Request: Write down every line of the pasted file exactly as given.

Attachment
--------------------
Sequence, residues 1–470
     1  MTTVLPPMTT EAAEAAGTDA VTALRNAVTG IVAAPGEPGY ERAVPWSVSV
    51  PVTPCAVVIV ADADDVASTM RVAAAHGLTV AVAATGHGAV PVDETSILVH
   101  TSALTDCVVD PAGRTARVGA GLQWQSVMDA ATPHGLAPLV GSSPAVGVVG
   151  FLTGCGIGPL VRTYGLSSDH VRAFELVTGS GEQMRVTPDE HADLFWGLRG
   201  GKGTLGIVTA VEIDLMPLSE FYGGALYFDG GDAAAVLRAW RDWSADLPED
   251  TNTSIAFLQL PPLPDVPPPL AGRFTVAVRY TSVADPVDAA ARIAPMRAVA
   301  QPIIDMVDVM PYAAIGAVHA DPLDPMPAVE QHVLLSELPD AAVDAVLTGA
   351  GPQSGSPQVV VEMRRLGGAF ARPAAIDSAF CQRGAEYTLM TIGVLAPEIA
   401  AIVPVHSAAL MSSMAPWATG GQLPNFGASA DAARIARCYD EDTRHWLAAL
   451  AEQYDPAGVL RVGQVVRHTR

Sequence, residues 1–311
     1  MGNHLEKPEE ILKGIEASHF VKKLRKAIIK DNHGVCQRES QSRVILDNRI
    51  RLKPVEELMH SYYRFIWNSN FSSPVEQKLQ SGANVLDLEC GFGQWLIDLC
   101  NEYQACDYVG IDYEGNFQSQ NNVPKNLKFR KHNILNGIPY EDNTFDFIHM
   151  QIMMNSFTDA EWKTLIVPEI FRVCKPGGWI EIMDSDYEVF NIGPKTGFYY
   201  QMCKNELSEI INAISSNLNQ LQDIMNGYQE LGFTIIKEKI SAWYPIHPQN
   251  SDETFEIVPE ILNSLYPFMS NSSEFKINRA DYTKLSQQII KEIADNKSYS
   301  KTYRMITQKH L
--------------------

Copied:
Sequence, residues 1–470
     1  MTTVLPPMTT EAAEAAGTDA VTALRNAVTG IVAAPGEPGY ERAVPWSVSV
    51  PVTPCAVVIV ADADDVASTM RVAAAHGLTV AVAATGHGAV PVDETSILVH
   101  TSALTDCVVD PAGRTARVGA GLQWQSVMDA ATPHGLAPLV GSSPAVGVVG
   151  FLTGCGIGPL VRTYGLSSDH VRAFELVTGS GEQMRVTPDE HADLFWGLRG
   201  GKGTLGIVTA VEIDLMPLSE FYGGALYFDG GDAAAVLRAW RDWSADLPED
   251  TNTSIAFLQL PPLPDVPPPL AGRFTVAVRY TSVADPVDAA ARIAPMRAVA
   301  QPIIDMVDVM PYAAIGAVHA DPLDPMPAVE QHVLLSELPD AAVDAVLTGA
   351  GPQSGSPQVV VEMRRLGGAF ARPAAIDSAF CQRGAEYTLM TIGVLAPEIA
   401  AIVPVHSAAL MSSMAPWATG GQLPNFGASA DAARIARCYD EDTRHWLAAL
   451  AEQYDPAGVL RVGQVVRHTR

Sequence, residues 1–311
     1  MGNHLEKPEE ILKGIEASHF VKKLRKAIIK DNHGVCQRES QSRVILDNRI
    51  RLKPVEELMH SYYRFIWNSN FSSPVEQKLQ SGANVLDLEC GFGQWLIDLC
   101  NEYQACDYVG IDYEGNFQSQ NNVPKNLKFR KHNILNGIPY EDNTFDFIHM
   151  QIMMNSFTDA EWKTLIVPEI FRVCKPGGWI EIMDSDYEVF NIGPKTGFYY
   201  QMCKNELSEI INAISSNLNQ LQDIMNGYQE LGFTIIKEKI SAWYPIHPQN
   251  SDETFEIVPE ILNSLYPFMS NSSEFKINRA DYTKLSQQII KEIADNKSYS
   301  KTYRMITQKH L